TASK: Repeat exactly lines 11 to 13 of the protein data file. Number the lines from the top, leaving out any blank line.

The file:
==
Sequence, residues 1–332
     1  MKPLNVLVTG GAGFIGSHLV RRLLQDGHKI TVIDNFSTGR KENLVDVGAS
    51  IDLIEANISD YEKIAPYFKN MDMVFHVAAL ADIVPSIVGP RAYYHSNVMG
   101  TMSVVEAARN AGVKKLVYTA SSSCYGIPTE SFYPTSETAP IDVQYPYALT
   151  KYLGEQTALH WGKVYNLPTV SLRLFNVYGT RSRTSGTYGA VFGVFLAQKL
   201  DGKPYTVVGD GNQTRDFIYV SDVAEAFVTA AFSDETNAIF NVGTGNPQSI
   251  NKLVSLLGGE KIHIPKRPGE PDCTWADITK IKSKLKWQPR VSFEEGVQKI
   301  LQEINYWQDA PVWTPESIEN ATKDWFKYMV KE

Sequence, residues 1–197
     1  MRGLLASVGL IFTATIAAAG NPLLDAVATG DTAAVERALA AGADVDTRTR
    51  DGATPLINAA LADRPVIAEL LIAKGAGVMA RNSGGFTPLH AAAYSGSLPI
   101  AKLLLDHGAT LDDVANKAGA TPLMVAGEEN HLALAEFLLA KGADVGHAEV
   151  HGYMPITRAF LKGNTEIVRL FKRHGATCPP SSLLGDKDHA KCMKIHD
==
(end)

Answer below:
    51  DGATPLINAA LADRPVIAEL LIAKGAGVMA RNSGGFTPLH AAAYSGSLPI
   101  AKLLLDHGAT LDDVANKAGA TPLMVAGEEN HLALAEFLLA KGADVGHAEV
   151  HGYMPITRAF LKGNTEIVRL FKRHGATCPP SSLLGDKDHA KCMKIHD